If you’ve opened up the newspaper or turned on the television lately, you’ve probably come across a story about “Medicare for All”. Proposals to expand the role of Medicare (America’s public health insurance program for people age 65 or older) have been introduced in Congress and have made their way into the stump speeches and campaign platforms of many of the 2020 Democratic candidates for President. But why has all the discussion centered on Medicare for all? What about its sister program, Medicaid?
President Lyndon B. Johnson signed both Medicare and Medicaid into law on July 30, 1965 as part of his “Great Society” movement that aimed to eliminate poverty. The two programs were both designed with the common goal of providing basic health insurance coverage for some of our most vulnerable Americans including the elderly (covered by Medicare) and pregnant women, children, individuals with low-incomes, and individuals with disabilities (covered by Medicaid).
To help us understand whether we should be talking about “Medicaid for all” alongside or instead of “Medicare for all,” let’s dig into some basic information about Medicaid.
So what is Medicaid? Medicaid is health insurance. Medicaid serves vulnerable low-income populations including individuals with disabilities and children in the foster care system. Medicaid also serves as a critical safety net, providing temporary help to individuals and families in crisis (e.g. after the loss of a job or a major accident).
Who gets Medicaid? Medicaid is a primary insurer of children facing adversity, as well as young children whose brains and bodies are rapidly developing. In Iowa, Medicaid covers:
Medicaid also provides health coverage to low-wage workers in jobs without benefits. Medicaid helps these folks—who fill needed roles in farming, construction, food service, home health care and child care.
Medicaid makes a difference for Iowa kids and families. When families have access to affordable health care through programs like Medicaid, they can get the care they need to ensure small health problems don’t become bigger issues. That means healthier more reliable workers who spend less time at the doctor’s office and miss fewer days of work due to illness.
Medicaid helps set kids on a path to be successful adults. Research shows that compared with their uninsured peers, children enrolled in Medicaid are more likely to 1) miss fewer days of school; 2) perform better in school; 3) graduate high school and go to college; 4) earn higher wages and become tax-paying adults. By covering important health services that set children on a path to healthy adulthood, Medicaid supports the long-term financial stability of our health care system.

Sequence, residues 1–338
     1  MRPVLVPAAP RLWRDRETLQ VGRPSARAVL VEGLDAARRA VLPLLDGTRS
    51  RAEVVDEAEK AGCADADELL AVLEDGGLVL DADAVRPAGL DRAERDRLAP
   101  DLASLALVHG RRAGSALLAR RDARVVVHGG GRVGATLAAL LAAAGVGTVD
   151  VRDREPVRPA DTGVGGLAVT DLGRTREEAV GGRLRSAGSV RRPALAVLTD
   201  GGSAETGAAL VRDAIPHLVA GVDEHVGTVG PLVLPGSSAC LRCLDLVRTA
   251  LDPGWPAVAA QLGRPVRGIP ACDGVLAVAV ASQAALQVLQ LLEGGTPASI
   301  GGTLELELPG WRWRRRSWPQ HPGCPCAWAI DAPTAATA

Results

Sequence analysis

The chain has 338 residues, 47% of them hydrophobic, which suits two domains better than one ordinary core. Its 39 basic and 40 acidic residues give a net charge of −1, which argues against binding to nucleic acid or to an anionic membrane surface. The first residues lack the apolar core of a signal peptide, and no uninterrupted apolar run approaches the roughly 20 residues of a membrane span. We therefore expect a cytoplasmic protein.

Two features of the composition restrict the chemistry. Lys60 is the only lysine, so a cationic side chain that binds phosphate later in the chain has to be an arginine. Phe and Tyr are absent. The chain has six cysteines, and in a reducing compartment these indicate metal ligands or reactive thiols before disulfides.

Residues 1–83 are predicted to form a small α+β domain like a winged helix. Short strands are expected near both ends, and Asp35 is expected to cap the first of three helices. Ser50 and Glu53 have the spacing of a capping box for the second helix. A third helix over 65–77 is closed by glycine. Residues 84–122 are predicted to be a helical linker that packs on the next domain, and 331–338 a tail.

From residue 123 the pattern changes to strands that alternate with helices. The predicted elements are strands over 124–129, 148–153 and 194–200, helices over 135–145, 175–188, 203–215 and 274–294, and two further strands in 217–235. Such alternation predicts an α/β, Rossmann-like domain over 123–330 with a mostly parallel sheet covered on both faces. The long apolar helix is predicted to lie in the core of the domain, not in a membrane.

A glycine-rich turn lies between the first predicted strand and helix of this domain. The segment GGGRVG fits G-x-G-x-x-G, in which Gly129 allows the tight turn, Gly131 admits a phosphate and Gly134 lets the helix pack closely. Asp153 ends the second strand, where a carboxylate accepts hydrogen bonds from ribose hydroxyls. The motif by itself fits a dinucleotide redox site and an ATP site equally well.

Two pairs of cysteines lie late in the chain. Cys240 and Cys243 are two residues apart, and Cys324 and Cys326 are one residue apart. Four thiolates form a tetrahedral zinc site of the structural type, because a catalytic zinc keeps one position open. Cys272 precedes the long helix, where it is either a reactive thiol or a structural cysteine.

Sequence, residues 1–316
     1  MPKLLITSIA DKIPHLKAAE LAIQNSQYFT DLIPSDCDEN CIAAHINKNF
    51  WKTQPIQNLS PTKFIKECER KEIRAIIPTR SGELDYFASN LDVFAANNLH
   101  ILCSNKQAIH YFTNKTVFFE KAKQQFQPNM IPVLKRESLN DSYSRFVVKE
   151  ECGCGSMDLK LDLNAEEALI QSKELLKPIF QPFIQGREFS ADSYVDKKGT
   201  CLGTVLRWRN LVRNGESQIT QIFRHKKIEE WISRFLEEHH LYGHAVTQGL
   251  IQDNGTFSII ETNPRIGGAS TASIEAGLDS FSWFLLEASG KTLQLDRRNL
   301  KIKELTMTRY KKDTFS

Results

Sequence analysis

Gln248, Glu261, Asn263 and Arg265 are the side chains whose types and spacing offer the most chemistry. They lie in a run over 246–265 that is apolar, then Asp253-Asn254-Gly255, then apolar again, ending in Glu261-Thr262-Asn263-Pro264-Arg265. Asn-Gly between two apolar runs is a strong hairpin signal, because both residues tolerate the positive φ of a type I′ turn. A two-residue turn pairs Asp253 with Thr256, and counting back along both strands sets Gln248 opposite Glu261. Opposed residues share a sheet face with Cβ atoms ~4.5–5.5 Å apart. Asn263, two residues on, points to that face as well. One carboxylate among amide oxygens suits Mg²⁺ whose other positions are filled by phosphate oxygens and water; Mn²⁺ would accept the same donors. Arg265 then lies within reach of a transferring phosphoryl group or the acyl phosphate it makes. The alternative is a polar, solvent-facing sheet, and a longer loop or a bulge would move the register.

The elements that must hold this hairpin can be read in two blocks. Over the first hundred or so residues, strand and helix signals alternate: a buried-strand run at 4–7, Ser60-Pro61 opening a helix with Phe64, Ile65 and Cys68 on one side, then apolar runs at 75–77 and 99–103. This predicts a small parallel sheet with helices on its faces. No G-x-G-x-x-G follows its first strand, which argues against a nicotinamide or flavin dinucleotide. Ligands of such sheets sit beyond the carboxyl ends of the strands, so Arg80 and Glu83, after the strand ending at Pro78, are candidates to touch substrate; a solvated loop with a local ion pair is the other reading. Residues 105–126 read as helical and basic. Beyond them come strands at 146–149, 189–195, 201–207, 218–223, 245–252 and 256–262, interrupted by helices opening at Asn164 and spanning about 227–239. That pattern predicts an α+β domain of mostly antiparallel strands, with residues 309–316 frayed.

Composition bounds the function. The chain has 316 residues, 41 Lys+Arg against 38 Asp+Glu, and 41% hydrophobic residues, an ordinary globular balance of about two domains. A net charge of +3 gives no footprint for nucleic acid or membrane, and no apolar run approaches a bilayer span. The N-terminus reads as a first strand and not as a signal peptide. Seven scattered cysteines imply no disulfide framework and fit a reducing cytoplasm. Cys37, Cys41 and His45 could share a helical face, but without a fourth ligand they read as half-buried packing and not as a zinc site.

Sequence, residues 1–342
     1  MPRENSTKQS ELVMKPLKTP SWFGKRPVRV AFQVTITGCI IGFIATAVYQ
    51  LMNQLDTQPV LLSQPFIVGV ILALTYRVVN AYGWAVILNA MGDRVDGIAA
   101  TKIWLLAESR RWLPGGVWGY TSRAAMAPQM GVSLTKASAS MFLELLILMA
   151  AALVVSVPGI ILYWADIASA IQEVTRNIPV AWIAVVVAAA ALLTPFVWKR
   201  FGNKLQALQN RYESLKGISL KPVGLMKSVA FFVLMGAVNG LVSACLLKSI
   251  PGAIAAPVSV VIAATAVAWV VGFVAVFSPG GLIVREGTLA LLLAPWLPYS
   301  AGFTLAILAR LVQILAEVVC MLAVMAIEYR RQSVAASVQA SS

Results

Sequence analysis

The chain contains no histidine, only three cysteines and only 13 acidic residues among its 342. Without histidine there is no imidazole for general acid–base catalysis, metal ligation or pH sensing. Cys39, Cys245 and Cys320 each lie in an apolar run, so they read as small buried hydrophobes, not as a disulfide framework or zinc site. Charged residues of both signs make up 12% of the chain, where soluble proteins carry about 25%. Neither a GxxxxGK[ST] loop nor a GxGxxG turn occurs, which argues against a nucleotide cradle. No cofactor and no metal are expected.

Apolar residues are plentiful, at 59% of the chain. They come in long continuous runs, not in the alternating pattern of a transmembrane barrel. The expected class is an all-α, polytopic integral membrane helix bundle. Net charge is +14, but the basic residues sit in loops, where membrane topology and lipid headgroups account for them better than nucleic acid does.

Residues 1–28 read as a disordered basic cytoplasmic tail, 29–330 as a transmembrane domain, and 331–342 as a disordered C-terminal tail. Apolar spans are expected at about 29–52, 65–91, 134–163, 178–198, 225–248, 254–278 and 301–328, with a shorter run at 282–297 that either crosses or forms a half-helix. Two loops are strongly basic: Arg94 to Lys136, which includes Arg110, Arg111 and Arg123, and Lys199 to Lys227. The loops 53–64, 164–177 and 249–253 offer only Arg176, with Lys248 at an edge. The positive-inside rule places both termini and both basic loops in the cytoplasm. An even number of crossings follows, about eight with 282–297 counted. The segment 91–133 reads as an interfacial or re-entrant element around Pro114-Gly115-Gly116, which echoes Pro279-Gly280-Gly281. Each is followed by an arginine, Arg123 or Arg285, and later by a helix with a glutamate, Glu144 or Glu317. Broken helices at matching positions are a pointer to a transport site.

In sum, Medicaid is a comprehensive health insurance program that provides high-quality health care to millions of Americans and thousands of Iowans. So why aren’t we talking about “Medicaid for all”? It comes down to perceptions of who is “deserving” and “undeserving” of health care. Policymakers have shied away from making any substantial changes to the Medicare program (in terms of scaling back benefits or reducing the eligibility standards) because the elderly are viewed, by and large, as “deserving” of the health care coverage they receive through the Medicare program. On the other hand, the Medicaid program has been under threat for years with proposals to reduce enrollment and scale back benefits repeatedly surfacing at both the state and federal levels. Medicaid has been a much more likely target for these cuts because the populations it covers (specifically low-income individuals) are often seen as “undeserving” of the health care coverage they receive through the Medicaid program. As a result, “Medicare for all” is seen as a more politically palatable vehicle to work towards universal health care coverage than “Medicaid for all”. But now that you know about all the great things Medicaid does, maybe you can help “flip the script” and lift up the important ways that Medicaid makes a difference.
We all want Iowa to be the healthiest state in the nation. Medicaid helps us make progress toward that goal. It makes it possible for thousands of low-income Iowa children and adults to get and stay healthy by allowing them to see a doctor when they are sick, get check-ups, buy medications, and go to the hospital without fear of choosing between their health and groceries or paying the rent or mortgage. Medicaid makes a difference for thousands of Iowans—our neighbors, friends, and family members. Medicaid makes a difference for Iowa. By committing to provide our children with high-quality health care when they need it, we give them a greater chance of succeeding in life—and the helps all of us everywhere.
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